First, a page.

When the ground gives way beneath us people scramble for something to hold onto. I remember being at the epicenter of the Loma Prieta earthquake in Santa Cruz, 1989. Like most people, I suppose, I had always taken for granted that the ground I stood on was dependably solid and stable. But in those few minutes the earth itself gave way. It shook and rumbled with an unnerving roar and I reached for the door of my office, holding on, unsure the building would remain standing. When the first wave was over a second, third and fourth followed.

When it seemed safe to leave and go outside, everything was absolutely and eerily still. I made my way home through debris cluttered roadways, downed power lines. I breathed a sigh of relief when I saw my house still standing but inside the shelves were askew, their contents thrown across the floor. Cupboard doors were blown open, dishes flung and broken. The rooms were in shambles. Now and again the earth would thunder to life once more. Many chose to sleep outside that night and the next as aftershocks continued. Downtown looked like a war zone. Heaps of rubble were everywhere. The bookshop, coffee shop and other local landmarks were gone. Many died—friends of friends, neighbors. All roads leading into and out of town were impassable. We were cut off from the world for over a week. The inability to move in or out was frightening.

These memories return as I look at the state of collapse in so many of our inner cities with people stranded and dying on our streets, social networks and environmental protections threatened, healthcare divorced from a basic need for support in sickness, the value of a healthy society shattered, pieces strewn across the lawns and fields of every town. The earthquake mirrors my experience of what I see and feel happening today. The ground of shared reality has come undone. Gaping craters appear where there were once stable roadways. Even many of our operating principles lie in piles of rubble or are threatening to collapse. Laws we passed and thought invincible are being torn from their moorings. The nation-town has crumbled. Everyone is in shock, waiting for the next wave of after shocks. (more…)

Mass Schedule – February 2017

February 4th, 2017

Mass in Portland will be Saturday, February 11, at Northminster Presbyterian Church, 2823 N. Rosa Parks Way at 5:00pm. Please bring an entree, salad, veggie dish or dessert for our potluck meal. Choir rehearsal begins at 4:00 and all interested singers and musicians are invited to come and participate.

Mass in Eugene will be Sunday, February 12, at First Congregational Church, UCC, 1050 E. 23rd, at 4:00pm. A potluck follows our celebration. Please bring an entree, salad, veggie dish or dessert to share. If you are interested in being part of the choir as a musician or singer, please come at 3:00 for rehearsal.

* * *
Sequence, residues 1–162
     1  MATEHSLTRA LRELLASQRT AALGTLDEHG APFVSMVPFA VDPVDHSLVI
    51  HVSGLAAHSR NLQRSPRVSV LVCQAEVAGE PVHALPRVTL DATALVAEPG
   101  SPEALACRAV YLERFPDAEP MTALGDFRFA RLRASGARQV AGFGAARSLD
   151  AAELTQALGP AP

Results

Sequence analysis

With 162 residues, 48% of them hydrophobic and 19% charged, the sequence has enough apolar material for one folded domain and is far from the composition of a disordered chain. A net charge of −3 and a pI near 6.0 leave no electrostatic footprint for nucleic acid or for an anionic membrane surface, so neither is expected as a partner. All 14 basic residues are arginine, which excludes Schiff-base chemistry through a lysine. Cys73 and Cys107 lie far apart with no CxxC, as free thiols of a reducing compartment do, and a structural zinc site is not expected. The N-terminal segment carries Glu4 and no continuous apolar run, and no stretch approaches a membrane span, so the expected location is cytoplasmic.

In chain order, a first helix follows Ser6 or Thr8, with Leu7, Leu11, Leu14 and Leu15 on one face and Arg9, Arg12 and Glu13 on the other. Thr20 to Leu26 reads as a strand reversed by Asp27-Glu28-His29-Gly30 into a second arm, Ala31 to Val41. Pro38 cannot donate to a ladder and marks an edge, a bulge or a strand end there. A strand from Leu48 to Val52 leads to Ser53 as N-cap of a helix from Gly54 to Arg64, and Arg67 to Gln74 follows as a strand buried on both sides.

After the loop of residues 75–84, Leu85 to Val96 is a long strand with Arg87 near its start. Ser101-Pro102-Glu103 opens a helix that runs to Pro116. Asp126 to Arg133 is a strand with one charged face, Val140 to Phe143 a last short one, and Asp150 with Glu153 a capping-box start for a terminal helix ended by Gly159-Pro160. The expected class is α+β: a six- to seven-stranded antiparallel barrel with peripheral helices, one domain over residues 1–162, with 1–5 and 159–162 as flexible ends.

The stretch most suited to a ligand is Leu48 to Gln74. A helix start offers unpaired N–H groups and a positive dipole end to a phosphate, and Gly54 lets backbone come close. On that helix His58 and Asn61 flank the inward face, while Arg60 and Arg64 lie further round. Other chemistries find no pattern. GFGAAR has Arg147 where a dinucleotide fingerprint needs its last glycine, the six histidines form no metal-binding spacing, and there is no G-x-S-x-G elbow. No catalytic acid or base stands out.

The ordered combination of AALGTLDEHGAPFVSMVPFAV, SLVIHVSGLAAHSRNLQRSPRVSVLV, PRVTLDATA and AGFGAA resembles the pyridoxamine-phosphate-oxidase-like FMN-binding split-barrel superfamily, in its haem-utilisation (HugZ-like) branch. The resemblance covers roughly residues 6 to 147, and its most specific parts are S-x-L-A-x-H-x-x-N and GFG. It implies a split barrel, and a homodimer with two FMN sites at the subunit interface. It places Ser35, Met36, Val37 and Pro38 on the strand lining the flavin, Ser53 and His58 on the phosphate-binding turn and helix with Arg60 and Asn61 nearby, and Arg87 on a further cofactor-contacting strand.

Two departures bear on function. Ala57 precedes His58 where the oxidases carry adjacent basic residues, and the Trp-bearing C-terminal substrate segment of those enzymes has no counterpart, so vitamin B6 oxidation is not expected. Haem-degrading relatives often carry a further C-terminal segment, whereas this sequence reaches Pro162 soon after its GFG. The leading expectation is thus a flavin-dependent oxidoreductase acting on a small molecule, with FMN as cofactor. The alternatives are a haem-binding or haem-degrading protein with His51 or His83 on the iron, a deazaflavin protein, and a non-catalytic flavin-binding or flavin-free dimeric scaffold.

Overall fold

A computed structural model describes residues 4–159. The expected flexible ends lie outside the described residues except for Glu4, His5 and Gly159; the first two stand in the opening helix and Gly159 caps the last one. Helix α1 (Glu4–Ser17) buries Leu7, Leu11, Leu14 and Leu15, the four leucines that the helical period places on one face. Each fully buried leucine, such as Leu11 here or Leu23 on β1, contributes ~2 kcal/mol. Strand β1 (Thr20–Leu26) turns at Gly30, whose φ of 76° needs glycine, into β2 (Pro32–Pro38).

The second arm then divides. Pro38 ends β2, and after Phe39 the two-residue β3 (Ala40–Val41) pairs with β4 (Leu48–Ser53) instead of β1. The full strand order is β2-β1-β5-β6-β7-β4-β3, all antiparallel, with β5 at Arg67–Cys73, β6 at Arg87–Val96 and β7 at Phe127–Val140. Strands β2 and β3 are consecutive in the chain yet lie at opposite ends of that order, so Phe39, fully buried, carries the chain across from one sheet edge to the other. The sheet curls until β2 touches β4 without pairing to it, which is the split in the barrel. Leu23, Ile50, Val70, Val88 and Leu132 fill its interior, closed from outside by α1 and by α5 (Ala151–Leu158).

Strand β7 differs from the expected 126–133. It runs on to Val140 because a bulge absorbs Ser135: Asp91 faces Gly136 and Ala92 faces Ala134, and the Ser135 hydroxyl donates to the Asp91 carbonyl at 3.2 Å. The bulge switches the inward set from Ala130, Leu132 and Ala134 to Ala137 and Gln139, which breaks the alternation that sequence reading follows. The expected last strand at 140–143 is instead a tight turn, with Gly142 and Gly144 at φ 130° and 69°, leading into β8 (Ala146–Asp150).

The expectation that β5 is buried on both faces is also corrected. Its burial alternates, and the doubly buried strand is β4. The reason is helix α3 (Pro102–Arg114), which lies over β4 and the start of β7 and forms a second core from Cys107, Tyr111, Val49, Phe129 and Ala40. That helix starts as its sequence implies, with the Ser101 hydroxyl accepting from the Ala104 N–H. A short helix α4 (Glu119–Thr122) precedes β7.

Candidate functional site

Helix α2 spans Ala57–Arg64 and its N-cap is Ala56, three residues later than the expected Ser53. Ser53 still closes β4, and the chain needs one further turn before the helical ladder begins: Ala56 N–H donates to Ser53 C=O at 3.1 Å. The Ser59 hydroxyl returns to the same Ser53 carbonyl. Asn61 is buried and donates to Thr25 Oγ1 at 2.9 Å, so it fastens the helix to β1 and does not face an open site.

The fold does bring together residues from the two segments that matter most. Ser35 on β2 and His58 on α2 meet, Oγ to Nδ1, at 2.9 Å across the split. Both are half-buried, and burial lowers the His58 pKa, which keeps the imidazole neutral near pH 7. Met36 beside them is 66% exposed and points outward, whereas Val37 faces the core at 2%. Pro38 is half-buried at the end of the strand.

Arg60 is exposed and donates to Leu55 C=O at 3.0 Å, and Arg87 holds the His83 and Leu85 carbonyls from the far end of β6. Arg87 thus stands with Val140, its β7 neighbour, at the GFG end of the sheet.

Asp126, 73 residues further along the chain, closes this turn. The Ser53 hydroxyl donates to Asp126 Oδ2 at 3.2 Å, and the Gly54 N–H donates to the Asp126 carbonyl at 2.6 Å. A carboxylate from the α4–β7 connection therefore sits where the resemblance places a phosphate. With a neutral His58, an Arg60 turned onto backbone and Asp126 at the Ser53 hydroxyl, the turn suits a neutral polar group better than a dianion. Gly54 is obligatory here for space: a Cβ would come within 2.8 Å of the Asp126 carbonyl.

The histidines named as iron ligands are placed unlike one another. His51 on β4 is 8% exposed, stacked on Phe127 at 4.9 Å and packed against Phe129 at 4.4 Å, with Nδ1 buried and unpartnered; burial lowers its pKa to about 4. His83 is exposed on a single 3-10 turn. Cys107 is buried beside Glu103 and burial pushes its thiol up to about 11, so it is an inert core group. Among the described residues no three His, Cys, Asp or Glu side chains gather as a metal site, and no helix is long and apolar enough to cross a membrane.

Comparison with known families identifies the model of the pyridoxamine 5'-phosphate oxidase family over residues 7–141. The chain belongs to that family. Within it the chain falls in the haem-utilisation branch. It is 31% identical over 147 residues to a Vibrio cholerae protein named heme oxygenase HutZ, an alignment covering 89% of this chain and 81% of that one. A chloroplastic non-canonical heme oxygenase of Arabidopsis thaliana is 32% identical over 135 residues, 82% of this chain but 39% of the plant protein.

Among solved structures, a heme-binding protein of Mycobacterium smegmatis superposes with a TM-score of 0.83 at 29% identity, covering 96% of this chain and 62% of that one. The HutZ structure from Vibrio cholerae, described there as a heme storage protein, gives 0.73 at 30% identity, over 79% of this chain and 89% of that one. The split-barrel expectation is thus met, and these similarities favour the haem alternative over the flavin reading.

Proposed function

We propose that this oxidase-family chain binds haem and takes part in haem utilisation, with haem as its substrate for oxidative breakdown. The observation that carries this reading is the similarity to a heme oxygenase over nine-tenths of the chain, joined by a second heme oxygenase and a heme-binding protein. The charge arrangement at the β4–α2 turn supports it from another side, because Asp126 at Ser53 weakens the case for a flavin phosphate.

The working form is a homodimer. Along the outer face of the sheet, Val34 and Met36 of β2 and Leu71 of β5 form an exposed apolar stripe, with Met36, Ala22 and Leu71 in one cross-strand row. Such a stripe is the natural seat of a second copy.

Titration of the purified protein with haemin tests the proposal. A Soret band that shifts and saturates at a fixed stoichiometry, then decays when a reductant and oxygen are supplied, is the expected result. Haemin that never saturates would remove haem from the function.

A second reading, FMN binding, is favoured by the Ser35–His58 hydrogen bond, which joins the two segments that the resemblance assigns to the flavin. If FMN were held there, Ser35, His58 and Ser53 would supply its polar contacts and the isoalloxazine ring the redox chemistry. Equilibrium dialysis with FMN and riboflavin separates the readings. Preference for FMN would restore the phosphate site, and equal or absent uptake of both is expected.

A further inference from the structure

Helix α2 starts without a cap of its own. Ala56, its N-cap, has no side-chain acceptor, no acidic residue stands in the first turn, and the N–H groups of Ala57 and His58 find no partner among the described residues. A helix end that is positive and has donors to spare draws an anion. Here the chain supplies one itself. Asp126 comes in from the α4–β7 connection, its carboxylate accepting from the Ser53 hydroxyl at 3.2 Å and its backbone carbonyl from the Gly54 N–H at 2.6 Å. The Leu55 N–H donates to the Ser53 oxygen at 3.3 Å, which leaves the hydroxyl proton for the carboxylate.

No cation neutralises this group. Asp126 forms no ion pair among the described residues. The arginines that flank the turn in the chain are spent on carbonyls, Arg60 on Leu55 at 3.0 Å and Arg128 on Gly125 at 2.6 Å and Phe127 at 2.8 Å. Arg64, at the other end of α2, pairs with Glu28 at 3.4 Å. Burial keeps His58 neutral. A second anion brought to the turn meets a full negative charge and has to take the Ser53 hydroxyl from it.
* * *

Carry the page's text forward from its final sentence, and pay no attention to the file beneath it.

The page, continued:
Mass Schedule — January 2017

December 23rd, 2016

Mass in Eugene will be Sunday, January 8, at First Congregational Church, UCC, 1050 E. 23rd, at 4:00pm. A potluck follows our celebration. Please bring an entree, salad, veggie dish or dessert to share. If you are interested in being part of the choir as a musician or singer, please come at 3:00 for rehearsal.  NOTICE: Mass cancelled due to weather.

Mass in Portland will be Saturday, January 14, at Northminster Presbyterian Church, 2823 N. Rosa Parks Way at 5:00pm. Please bring an entree, salad, veggie dish or dessert for our potluck meal. Choir rehearsal begins at 4:00 and all interested singers and musicians are invited to come and participate. NOTICE: Mass cancelled due to icy roads.

Sitting at Mary’s Knee

December 23rd, 2016

In the dark days after the destruction of Judah Isaiah tells his listeners—do not be afraid. Look! he says. Your God is coming! Your God is coming to save you.  In these dark days, when one report after another gives us reason to worry about the future of our planet, our nation, our struggling communities—wouldn’t we love to believe God will come and save us? Isaiah’s words lie at the heart of Advent, this season dedicated to WAITING and HOPE.

The unfathomable abyss of God’s mysterious ways, God’s pregnant darkness, fosters terror. We teeter at the edge of a vast unknown, often grabbing at whatever knobs and handles are available trying to gain control. But the controls are not, and never were, in our hands. Instead we are asked to wait—faithfully, patiently, expectantly—trusting God is with us and will, somehow, save us.

There are those who believe that Jesus will return and right the wrongs of humankind. The words of James have been used to validate that belief and argue for the second coming as an antidote to the world’s woes. But perhaps the most important words for us in James’ letter are found in his last sentence: model your lives on the example of the prophets who suffered tremendous hardships patiently while carrying God’s message to the people. (more…)

Mass Schedule — December 2016

December 4th, 2016

Mass in Portland will be Saturday, December 10, at Northminster Presbyterian Church, 2823 N. Rosa Parks Way at 5:00pm. Please bring an entree, salad, veggie dish or dessert for our potluck meal. Choir rehearsal begins at 4:00 and all interested singers and musicians are invited to come and participate.

Mass in Eugene will be Sunday, December 11, at First Congregational Church, UCC, 1050 E. 23rd, at 4:00pm. A potluck follows our celebration. Please bring an entree, salad, veggie dish or dessert to share. If you are interested in being part of the choir as a musician or singer, please come at 3:00 for rehearsal.

Christmas Eve Mass in Eugene Saturday, December 24 at 9:00pm. This will be our 6th annual Christmas Eve celebration at the home of Dianne and Amanda. The address and directions are posted in the member portal of the Sophia Christi website. You may also request directions from Toni through our Contact page or by calling 503-286-3584. All are invited and welcome!